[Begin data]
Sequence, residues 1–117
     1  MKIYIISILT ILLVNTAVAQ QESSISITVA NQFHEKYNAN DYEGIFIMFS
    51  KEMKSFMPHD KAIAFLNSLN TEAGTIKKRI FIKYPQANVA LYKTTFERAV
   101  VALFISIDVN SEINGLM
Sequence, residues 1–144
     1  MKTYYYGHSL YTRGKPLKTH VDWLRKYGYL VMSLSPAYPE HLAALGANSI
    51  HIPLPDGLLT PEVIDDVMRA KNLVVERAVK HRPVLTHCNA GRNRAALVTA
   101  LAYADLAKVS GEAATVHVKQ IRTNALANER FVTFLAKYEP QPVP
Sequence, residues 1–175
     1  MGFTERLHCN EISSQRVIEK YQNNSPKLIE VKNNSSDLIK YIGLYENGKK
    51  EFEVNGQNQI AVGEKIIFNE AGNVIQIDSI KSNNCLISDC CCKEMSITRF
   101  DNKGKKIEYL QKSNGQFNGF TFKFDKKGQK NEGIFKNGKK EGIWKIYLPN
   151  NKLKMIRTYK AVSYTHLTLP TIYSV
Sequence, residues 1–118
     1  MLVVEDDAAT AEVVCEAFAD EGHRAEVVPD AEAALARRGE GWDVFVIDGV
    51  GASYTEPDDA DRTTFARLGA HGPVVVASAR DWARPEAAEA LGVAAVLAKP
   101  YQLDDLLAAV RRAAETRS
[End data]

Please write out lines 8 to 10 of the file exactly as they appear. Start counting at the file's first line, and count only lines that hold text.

   101  LAYADLAKVS GEAATVHVKQ IRTNALANER FVTFLAKYEP QPVP
Sequence, residues 1–175
     1  MGFTERLHCN EISSQRVIEK YQNNSPKLIE VKNNSSDLIK YIGLYENGKK